Today we look back at the recent performance by Pet the Tiger invented instrument collective in Golden Gate Park. It was part of a series hosted by Dan Gottwald featuring invented-instrument performances in the tunnel near the Conservatory of Flowers. You can see and hear excerpts from the concert this CatSynth TV video.
The centerpiece of the performance was the harmonic-series gamelan, a set of instruments that employ tuning based exclusively on the harmonic series. This leads to just-intonation relationships among pitches, but not necessarily those of conventional Western twelve-tone music. The results are haunting and exquisite. This is especially true of the 5-octave metallophone demonstrated by David Samas in the video, and played by Samas and others in the concert.
There was also a large kalimba-like instrument performed primarily by Samas and Derek Drudge, and a large instrument created and played by Bart Hopkin.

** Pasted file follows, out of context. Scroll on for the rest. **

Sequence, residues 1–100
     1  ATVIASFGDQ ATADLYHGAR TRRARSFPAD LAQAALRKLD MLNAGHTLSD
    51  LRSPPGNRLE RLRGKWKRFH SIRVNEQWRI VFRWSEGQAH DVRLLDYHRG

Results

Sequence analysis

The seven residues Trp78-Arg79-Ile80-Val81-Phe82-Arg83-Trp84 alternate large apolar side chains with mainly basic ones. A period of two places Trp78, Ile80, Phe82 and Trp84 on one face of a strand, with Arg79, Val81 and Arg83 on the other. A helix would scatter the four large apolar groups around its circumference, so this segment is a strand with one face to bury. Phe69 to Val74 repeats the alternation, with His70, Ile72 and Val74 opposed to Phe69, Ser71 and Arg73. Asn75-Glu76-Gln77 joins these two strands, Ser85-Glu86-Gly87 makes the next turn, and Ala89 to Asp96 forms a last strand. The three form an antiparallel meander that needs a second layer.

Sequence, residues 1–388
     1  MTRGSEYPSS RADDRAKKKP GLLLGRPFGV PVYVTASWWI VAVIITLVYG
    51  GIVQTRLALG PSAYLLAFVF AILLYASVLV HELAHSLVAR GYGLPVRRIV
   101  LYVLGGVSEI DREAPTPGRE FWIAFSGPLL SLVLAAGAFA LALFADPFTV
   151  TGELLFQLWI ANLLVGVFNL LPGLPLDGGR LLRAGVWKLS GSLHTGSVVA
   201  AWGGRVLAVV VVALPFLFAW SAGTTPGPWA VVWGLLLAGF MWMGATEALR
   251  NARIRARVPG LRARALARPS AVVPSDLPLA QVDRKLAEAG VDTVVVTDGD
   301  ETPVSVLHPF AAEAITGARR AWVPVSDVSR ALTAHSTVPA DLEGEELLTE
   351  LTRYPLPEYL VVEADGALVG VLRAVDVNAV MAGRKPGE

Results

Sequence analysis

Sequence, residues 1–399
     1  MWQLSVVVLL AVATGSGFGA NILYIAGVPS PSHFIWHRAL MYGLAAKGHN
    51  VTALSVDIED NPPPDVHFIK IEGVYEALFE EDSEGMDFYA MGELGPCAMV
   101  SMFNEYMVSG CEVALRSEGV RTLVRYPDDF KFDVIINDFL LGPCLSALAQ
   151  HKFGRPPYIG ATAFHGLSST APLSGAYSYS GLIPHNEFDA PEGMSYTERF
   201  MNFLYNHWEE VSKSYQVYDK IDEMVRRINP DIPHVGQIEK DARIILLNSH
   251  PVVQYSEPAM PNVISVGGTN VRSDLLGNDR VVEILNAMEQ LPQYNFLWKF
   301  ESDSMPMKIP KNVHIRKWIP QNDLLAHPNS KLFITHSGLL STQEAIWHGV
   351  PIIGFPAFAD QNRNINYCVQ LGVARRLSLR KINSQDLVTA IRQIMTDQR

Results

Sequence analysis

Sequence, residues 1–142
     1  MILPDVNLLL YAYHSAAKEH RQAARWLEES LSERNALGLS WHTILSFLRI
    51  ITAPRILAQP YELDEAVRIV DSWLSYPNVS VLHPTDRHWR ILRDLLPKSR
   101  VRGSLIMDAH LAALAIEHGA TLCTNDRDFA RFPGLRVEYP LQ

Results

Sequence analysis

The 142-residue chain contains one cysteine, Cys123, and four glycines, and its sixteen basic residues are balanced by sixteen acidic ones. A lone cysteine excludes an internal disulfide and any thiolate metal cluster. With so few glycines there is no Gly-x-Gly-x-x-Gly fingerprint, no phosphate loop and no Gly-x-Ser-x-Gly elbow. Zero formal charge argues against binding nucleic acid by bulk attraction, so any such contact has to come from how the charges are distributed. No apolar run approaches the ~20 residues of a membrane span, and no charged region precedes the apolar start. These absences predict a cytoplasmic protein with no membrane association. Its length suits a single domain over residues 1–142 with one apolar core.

In addition to the metallophones, there were various wind instruments. Peter Whitehead played an instrument that resembled a longitudinal bass flute, and whirling tubes, all of which also conformed to the harmonic series.
There was also a stringed instrument performed by Ian Saxton.
Harmonic series relationships are well known to be very pleasant to the ear, and there was an overall pleasing tone to the music, amplified by the acoustic properties of the tunnel, the lighting and the fellowship of performers and audience. In addition to the long meditative pieces, there were sections combining music with anxious dystopian poetry, and even a rendition of George Harrison’s “Within You Without You” from Sgt. Pepper’s Lonely Hearts Club Band.